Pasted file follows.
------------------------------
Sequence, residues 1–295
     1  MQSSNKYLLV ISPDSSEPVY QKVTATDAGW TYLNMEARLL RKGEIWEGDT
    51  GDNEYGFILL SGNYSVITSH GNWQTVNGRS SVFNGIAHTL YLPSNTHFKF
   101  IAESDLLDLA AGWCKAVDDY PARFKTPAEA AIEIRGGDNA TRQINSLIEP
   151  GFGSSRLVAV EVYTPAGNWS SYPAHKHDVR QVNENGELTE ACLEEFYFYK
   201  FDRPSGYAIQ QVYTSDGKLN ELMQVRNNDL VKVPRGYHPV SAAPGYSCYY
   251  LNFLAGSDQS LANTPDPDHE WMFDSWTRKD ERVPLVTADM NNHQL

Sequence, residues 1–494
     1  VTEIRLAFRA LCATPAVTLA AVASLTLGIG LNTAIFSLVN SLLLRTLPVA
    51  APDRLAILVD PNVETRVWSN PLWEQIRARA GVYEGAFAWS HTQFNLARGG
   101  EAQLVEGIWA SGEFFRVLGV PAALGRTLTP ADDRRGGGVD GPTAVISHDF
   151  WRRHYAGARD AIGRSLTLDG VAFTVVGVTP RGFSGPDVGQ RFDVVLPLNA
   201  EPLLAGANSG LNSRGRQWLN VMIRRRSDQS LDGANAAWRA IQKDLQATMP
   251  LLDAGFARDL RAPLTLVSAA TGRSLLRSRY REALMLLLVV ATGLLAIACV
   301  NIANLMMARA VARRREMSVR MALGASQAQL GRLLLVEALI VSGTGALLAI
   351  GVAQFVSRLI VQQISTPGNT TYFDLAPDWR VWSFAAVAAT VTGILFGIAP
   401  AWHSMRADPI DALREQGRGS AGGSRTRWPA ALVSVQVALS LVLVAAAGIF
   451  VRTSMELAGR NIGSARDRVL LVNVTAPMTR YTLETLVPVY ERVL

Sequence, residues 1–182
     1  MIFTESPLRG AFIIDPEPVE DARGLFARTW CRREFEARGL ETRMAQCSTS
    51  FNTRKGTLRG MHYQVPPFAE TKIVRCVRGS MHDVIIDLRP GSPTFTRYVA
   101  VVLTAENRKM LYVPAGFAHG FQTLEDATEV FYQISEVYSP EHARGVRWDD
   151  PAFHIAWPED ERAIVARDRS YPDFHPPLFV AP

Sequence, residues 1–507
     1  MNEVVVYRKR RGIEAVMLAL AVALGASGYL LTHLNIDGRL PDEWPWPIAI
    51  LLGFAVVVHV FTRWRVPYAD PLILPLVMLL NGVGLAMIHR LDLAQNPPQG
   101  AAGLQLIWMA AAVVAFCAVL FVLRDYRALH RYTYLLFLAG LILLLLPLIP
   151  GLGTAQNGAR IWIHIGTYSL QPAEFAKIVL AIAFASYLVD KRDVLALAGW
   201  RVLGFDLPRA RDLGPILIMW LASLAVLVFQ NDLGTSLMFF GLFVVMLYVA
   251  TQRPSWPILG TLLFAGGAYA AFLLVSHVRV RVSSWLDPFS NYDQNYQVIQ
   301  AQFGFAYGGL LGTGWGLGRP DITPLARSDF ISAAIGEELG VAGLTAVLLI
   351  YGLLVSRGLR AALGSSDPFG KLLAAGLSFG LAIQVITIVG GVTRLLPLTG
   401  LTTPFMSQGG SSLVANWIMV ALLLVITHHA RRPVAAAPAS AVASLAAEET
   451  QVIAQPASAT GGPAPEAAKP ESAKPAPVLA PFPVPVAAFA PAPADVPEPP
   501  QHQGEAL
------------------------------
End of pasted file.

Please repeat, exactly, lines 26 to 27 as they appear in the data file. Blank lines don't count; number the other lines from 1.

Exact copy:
    51  LLGFAVVVHV FTRWRVPYAD PLILPLVMLL NGVGLAMIHR LDLAQNPPQG
   101  AAGLQLIWMA AAVVAFCAVL FVLRDYRALH RYTYLLFLAG LILLLLPLIP